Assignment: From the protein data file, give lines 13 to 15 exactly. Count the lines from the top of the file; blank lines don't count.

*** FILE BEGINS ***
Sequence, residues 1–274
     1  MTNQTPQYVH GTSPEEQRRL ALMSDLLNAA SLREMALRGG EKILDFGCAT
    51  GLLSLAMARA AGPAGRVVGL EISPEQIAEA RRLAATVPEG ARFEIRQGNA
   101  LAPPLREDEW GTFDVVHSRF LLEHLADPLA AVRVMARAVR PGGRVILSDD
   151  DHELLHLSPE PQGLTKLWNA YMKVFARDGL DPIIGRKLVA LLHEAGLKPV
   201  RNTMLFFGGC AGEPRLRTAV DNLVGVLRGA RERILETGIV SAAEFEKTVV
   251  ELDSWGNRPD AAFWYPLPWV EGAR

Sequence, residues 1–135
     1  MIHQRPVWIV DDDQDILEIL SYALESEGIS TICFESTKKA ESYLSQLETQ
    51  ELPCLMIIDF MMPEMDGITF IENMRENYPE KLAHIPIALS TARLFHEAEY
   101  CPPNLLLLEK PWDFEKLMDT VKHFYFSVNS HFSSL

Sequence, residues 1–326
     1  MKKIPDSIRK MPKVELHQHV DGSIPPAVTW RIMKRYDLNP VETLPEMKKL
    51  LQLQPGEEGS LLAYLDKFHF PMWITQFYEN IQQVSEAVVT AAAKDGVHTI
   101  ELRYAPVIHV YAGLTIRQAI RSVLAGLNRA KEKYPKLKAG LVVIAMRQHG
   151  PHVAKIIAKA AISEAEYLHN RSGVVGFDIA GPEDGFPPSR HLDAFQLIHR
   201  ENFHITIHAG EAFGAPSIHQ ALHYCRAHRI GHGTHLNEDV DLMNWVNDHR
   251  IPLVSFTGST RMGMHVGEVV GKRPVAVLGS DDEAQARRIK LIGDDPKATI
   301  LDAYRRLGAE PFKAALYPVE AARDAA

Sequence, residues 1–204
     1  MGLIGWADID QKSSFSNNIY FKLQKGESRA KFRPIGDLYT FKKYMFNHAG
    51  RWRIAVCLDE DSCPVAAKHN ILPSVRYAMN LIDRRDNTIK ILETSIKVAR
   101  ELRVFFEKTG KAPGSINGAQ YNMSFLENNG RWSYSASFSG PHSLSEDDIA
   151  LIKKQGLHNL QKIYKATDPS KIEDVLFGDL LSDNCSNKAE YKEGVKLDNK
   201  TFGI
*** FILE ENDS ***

     1  MKKIPDSIRK MPKVELHQHV DGSIPPAVTW RIMKRYDLNP VETLPEMKKL
    51  LQLQPGEEGS LLAYLDKFHF PMWITQFYEN IQQVSEAVVT AAAKDGVHTI
   101  ELRYAPVIHV YAGLTIRQAI RSVLAGLNRA KEKYPKLKAG LVVIAMRQHG